On sad days of remembrance, and days when I feel hopeless or out of control, eventually I find myself in my garden. Today, I marked the anniversary of 9/11 by planting trees, something I did on this afternoon ten years ago.
Ten years ago, I watched the news coverage in horror and disbelief until I couldn’t stand it anymore, and then went out to the garden. The dogs came with me, and they played while I planted a yellowwood (Cladrastis kentukea). It wasn’t a special tree—just a native tree that had been patiently waiting to be planted. That tree became my own personal memorial to 9/11.
I fully realize that my single, solitary act of planting a tree couldn’t possibly change anything. It didn’t even bring comfort to anyone else, but it certainly did to me. That’s because working in a garden is comforting. Caring for plants offers a perfect opportunity for quiet contemplation. In 2001 and again today, I found myself thinking about the individuals who were killed, the families who had lost loved ones, and the way our lives have changed in the interim. As I dig holes, remove grass, work in the soil, and just sweat, I also simply stop thinking. That is comforting in and of itself.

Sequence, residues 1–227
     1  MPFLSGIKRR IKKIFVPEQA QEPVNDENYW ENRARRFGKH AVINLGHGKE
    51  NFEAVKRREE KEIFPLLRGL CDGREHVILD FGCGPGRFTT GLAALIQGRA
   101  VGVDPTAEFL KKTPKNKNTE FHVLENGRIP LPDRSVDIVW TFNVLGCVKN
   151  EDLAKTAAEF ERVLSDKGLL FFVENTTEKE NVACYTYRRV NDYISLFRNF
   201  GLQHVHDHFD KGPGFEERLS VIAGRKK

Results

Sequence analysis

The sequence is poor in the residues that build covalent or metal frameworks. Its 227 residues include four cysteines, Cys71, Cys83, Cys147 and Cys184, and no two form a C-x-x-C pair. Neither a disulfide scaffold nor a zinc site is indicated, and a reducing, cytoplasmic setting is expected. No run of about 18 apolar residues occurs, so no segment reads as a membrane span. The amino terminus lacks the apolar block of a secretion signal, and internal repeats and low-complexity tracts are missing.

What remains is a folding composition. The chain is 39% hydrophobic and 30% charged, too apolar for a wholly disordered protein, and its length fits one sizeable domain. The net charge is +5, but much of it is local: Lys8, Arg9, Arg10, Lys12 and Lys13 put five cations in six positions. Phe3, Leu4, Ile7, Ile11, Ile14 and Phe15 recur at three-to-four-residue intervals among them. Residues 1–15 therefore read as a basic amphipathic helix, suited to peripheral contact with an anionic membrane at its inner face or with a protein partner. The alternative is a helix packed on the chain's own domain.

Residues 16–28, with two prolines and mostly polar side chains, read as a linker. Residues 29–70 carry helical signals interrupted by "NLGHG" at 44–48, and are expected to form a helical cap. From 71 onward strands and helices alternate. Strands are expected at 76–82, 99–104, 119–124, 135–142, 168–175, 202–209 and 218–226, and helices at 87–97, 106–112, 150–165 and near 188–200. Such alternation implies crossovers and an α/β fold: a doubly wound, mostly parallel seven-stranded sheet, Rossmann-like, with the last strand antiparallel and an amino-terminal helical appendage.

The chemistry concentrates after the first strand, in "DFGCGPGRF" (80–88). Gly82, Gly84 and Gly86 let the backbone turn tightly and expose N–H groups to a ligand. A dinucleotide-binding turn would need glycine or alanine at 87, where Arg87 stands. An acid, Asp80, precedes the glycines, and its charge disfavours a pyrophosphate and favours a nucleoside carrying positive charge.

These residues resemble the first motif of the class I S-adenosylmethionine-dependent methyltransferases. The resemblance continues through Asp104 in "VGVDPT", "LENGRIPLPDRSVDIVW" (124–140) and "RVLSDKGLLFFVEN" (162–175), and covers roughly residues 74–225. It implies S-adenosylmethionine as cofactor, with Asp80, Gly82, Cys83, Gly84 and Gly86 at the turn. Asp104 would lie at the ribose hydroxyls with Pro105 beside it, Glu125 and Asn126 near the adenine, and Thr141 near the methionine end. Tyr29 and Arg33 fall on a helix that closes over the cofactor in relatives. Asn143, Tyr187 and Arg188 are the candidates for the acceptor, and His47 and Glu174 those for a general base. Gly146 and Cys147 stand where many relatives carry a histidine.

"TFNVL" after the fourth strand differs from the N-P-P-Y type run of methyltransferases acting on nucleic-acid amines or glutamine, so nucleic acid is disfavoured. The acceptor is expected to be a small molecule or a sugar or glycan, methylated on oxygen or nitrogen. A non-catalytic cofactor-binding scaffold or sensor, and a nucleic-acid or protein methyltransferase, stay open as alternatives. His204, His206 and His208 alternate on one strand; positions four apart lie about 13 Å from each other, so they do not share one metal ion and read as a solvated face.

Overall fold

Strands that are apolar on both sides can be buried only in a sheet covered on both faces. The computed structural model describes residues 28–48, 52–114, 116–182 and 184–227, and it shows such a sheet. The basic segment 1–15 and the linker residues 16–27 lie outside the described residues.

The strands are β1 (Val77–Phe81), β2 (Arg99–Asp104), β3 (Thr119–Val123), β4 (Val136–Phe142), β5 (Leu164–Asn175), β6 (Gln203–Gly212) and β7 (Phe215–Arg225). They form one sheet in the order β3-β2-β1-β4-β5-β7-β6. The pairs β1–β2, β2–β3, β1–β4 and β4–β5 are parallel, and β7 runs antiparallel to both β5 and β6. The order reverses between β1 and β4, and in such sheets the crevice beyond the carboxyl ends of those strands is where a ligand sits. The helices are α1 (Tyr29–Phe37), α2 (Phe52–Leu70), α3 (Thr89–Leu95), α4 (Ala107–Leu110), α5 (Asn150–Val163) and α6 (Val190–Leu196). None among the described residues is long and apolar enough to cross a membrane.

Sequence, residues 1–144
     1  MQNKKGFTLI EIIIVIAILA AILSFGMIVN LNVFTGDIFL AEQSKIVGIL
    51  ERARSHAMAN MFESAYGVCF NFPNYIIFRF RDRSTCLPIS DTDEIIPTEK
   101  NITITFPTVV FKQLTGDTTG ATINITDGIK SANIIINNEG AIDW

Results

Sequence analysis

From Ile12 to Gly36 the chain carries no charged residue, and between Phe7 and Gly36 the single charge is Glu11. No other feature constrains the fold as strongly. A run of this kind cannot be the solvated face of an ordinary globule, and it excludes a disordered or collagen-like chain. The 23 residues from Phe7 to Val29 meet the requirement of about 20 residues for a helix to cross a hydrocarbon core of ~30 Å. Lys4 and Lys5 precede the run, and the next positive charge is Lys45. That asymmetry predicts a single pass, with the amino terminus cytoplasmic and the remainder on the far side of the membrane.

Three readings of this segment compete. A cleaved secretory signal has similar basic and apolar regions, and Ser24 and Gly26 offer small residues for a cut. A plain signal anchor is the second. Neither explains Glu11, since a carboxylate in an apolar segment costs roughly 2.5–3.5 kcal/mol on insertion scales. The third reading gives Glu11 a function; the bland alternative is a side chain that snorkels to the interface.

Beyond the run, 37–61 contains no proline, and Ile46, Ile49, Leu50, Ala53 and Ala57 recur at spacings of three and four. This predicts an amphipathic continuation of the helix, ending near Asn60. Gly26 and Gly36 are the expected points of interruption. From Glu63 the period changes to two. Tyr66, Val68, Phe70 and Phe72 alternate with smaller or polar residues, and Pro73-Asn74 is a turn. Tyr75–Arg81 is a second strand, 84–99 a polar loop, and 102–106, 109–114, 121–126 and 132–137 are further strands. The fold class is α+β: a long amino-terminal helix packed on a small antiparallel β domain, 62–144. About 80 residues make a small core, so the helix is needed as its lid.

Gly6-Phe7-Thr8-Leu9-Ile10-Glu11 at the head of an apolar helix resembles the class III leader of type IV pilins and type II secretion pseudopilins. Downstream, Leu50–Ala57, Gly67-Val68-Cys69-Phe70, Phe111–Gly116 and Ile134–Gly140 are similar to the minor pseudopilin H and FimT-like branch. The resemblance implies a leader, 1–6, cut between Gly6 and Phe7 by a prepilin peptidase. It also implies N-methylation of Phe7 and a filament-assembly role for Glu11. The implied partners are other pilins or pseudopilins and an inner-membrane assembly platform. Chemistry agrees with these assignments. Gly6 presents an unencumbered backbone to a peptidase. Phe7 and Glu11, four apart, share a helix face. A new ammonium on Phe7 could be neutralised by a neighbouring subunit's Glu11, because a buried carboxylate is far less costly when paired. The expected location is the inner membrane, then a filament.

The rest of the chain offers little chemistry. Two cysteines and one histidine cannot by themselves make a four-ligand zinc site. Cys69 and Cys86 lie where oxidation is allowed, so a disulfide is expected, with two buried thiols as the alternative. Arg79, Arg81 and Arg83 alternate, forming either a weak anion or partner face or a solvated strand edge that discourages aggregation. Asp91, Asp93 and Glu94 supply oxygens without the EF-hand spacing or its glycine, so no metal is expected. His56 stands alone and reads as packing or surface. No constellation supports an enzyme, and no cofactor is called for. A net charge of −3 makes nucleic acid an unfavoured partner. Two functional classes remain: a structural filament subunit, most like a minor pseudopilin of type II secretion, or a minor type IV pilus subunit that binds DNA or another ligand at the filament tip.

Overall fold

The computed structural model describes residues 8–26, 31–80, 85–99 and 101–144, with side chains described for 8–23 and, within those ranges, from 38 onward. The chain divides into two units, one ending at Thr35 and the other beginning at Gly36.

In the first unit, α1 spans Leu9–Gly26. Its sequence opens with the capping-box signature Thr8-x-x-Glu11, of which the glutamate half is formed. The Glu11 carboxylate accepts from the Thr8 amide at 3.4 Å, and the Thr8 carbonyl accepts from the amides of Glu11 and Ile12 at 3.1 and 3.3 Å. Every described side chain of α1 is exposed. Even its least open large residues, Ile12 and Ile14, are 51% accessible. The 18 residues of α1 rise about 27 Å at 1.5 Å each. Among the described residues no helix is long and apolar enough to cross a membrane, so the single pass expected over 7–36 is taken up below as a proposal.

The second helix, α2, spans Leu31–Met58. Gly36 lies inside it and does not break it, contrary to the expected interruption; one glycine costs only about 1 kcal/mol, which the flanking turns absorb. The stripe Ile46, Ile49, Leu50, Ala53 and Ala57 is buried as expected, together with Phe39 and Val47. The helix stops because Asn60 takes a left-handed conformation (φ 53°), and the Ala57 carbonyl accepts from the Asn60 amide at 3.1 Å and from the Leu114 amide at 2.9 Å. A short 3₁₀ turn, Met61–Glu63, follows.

Today, my two best garden-companion dogs, Bing and Casey, helped me create my own personal memorial of the tenth anniversary of 9/11. They lounged in the shade while I planted an oak tree, a tupelo (Nyssa sylvatica), and a fringe tree (Chionanthus virginicus). The first two were added to the throng of plants covering the hillside along the road. The fringe tree will anchor a new section of the garden that will keep me busy, and planting, and contemplating for the foreseeable future.
Above: Barely visible, the newly planted fringe tree is situated on a peninsula of mulch that connects it to an existing bed and also marks the garden’s next expansion.